Ayreon's Arjen Lucassen never does anything small or half way. No, everything about his latest project, The Theory of Everything is grand and expansive. But this time it's a bit different as well like using a smaller number of vocalists than before. Also, Lucassen choose vocalists he has never worked with before including Marko Hietala (Nightwish), Tommy Karevik (Kamelot), and Cristina Scabbia (Lacuna Coil).
Also, while never straying far from his beloved rock opera vehicle, Lucassen opts out of his sci-fi/fantasy motif for a story of human interest and passion.
At the center of the story is an autistic savant, The Prodigy , whose emotional deficits are counterbalanced by breathtaking mathematical genius. His Father is a brilliant but emotionally unavailable scientist who is determined find "The Theory of Everything," the equation that will explain and tie together all known physical phenomena. He designs to use his son's mathematical talents to achieve his own ends.
Additionally, the story is performed more on the side of traditional melodic progressive rock with some interesting twists. Lucassen wrote four 20 minute songs, than divided them into 42 pieces, eventually clocking in at nearly 90 minutes. As you you can guess, many pieces are short, and there are quite a few instrumentals as segues.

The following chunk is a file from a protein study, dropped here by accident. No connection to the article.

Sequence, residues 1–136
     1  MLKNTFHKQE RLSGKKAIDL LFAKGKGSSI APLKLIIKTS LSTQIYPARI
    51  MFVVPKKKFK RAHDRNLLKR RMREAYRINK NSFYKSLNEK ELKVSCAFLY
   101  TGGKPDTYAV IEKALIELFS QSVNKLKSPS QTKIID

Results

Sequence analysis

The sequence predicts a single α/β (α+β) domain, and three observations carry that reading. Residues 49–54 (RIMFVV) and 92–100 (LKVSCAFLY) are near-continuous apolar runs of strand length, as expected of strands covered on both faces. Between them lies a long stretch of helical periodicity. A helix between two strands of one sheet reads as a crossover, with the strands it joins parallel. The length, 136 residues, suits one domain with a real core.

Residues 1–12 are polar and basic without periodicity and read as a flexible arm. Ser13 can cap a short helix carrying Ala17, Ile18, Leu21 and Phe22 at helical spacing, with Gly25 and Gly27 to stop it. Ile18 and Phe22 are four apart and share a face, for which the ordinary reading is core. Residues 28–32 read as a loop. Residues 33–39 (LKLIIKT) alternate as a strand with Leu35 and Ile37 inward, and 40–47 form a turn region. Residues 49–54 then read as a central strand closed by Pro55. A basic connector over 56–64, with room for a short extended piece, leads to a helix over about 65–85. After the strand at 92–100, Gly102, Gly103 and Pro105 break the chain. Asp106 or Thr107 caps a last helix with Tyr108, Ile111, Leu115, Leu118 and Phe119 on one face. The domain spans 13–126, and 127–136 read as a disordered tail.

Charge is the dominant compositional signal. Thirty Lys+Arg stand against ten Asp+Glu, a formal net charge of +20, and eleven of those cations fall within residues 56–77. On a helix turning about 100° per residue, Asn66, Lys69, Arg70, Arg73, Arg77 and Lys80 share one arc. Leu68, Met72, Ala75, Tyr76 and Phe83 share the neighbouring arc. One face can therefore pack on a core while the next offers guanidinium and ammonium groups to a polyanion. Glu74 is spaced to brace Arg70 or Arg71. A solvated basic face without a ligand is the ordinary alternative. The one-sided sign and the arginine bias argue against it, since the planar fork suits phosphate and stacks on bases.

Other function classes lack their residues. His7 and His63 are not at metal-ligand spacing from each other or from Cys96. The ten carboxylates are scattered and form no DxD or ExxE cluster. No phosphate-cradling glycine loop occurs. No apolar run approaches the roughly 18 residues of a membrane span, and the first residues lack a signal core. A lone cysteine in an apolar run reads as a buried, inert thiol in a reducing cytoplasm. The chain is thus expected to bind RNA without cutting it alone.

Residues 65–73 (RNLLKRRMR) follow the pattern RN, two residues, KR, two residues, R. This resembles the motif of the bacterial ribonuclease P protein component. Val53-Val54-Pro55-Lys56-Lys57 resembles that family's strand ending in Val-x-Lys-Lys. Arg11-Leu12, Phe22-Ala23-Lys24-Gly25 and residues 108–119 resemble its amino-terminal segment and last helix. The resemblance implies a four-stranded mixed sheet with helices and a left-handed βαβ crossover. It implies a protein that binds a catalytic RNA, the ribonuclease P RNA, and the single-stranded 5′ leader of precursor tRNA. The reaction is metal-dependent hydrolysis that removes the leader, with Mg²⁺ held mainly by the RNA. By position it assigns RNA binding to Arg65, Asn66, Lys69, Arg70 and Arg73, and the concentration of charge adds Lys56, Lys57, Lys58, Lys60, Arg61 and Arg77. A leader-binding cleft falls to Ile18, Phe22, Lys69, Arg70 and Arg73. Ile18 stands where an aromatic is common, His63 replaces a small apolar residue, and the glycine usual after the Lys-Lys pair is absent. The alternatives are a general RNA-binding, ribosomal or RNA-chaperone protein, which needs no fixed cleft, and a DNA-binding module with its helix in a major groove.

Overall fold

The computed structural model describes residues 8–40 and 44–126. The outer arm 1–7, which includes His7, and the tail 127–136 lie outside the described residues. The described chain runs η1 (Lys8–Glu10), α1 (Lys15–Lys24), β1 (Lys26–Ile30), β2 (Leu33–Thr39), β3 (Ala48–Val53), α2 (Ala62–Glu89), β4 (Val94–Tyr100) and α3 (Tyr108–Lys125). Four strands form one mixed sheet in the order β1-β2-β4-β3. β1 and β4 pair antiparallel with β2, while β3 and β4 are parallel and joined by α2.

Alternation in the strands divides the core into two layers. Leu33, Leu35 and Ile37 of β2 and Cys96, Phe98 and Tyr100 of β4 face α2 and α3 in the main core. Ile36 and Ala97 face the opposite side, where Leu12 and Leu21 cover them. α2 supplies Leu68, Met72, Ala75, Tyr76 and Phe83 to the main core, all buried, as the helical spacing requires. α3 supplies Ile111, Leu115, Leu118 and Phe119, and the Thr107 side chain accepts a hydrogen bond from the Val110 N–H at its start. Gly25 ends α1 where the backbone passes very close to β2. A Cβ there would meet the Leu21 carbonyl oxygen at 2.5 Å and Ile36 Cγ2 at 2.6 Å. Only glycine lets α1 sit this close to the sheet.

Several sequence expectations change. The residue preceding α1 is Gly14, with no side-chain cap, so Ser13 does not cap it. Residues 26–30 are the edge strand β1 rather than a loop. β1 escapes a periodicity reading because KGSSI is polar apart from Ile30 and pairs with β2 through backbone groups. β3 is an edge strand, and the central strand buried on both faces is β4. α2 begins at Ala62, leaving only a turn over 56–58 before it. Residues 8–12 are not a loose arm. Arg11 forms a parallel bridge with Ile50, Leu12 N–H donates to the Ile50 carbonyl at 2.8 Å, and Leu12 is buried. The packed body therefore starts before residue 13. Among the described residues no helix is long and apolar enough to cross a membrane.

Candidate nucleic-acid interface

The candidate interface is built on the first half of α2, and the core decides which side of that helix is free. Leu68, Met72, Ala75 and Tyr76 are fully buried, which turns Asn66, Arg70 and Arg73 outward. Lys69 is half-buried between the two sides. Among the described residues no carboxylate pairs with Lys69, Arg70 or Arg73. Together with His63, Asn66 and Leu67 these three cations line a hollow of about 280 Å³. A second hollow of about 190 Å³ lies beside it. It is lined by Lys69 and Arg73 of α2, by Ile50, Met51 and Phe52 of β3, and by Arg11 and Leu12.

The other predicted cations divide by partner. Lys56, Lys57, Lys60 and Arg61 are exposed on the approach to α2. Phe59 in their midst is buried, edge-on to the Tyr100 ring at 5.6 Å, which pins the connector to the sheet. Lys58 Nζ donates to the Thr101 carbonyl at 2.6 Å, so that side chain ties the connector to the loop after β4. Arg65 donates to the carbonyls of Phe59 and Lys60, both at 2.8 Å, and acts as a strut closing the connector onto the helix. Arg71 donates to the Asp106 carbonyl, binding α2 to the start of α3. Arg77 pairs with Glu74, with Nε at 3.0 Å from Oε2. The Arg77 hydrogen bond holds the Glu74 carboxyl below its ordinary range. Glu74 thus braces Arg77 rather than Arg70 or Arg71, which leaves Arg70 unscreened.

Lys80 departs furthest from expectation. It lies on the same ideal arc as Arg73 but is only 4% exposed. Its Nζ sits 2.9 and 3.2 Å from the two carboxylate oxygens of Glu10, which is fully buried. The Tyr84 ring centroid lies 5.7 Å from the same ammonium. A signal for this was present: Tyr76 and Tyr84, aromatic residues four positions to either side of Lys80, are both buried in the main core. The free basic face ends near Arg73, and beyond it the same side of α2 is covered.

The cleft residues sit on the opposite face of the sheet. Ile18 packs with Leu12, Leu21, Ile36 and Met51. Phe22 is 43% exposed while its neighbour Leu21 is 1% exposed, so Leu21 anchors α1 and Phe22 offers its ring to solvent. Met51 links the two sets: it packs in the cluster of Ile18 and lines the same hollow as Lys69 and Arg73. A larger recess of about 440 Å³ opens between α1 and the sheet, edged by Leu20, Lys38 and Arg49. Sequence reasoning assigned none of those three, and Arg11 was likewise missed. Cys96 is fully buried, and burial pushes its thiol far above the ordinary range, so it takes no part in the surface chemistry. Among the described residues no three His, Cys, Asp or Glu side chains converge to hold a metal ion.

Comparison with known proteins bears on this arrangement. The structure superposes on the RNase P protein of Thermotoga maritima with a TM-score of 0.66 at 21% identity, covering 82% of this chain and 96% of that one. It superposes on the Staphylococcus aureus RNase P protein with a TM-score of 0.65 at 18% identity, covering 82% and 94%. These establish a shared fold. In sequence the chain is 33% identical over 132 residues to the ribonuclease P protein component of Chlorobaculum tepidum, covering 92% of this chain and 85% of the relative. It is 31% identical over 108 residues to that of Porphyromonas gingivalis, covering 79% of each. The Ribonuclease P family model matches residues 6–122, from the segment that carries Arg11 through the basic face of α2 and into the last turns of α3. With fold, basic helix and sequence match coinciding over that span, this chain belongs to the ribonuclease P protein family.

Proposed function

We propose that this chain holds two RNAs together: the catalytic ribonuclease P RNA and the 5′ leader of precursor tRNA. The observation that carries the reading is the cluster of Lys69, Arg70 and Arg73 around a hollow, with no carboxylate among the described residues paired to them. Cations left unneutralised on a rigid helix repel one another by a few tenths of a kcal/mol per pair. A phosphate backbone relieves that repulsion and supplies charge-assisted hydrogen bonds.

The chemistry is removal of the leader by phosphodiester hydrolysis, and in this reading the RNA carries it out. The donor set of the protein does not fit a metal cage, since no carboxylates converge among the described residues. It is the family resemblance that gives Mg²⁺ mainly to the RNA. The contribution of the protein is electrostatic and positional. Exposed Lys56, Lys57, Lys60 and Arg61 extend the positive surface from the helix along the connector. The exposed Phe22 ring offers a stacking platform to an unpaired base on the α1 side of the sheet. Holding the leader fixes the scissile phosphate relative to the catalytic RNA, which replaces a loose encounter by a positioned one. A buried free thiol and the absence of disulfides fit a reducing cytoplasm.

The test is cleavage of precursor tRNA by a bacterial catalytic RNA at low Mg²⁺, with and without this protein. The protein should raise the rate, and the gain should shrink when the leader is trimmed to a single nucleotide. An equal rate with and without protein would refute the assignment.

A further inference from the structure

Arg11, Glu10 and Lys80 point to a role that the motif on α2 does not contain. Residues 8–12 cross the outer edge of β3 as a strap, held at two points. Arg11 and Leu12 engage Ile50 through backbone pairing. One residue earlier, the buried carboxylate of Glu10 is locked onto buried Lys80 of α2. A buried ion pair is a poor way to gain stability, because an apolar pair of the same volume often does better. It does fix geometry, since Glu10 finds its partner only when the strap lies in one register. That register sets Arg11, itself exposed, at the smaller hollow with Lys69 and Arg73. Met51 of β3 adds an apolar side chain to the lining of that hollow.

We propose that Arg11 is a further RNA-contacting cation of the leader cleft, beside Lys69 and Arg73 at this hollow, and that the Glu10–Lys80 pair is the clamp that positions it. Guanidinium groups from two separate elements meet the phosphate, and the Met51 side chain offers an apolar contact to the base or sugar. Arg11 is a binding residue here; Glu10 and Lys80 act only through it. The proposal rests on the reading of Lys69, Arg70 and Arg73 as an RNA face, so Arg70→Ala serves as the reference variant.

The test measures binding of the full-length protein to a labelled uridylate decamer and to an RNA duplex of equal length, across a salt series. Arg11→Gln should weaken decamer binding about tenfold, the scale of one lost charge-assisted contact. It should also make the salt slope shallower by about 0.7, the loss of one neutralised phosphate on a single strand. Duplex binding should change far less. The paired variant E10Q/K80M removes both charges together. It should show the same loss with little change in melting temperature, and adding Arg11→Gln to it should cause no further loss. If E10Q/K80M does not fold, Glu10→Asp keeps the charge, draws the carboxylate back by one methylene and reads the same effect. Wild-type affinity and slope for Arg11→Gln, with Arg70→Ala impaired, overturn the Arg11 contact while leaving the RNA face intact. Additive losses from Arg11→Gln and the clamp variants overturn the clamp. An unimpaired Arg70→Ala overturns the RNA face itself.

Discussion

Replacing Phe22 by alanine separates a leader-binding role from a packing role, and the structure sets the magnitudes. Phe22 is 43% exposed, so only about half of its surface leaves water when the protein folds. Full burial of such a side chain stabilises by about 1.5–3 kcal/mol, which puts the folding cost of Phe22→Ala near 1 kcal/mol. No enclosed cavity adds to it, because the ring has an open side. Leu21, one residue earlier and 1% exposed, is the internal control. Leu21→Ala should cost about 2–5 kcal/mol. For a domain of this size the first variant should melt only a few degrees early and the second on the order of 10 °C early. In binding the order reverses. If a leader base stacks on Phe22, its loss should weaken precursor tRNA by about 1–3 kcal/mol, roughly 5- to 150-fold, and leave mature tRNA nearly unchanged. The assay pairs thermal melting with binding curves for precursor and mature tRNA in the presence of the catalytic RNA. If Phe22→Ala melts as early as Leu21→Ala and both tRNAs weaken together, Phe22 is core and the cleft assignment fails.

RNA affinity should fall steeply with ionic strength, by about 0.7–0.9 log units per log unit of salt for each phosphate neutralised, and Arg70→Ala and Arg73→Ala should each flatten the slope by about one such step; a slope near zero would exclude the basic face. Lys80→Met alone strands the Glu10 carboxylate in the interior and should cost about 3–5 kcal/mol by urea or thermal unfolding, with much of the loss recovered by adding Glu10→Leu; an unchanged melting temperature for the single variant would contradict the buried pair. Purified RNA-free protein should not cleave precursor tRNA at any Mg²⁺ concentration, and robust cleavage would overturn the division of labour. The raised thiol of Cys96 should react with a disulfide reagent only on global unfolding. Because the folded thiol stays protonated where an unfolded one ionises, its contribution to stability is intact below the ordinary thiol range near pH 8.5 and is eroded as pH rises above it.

As for the sound of the album, it's strongly synthesizer and symphonic in character thanks to work of some quite famous musicians: Rick Wakeman, Keith Emerson, and Jordan Rudess. But that's not to say there's no guitar presence as it definitely gets a prog injection from Steve Hackett. The songs, through the lyrics, drive the story and curiously there are few choruses and very little repetition of lyrics throughout. Of the other differences, the concept, and production notes, you can read more about The Theory of Everything in this information sheet.
You'll note in that document that Lucassen remarks that musically TTOE reminds of Into The Electric Castle (1998), and lyrically to 2004's The Human Equation. Having not read the promo sheet before I listened that was the very conclusion I came to in the end. If you like those past directions, or are merely an Ayreon/Lucassen fan, you'll love this new album. Finally, it should be also noted that my digital promo copy was flawed: the song Potential simply went silent at the half way point. I don't think this was intentional, so I'm hoping it doesn't show up in the physical CDs.
The Theory of Everything is another melodic progressive rock tour-de-force from the creative mind of Arjen Lucassen.
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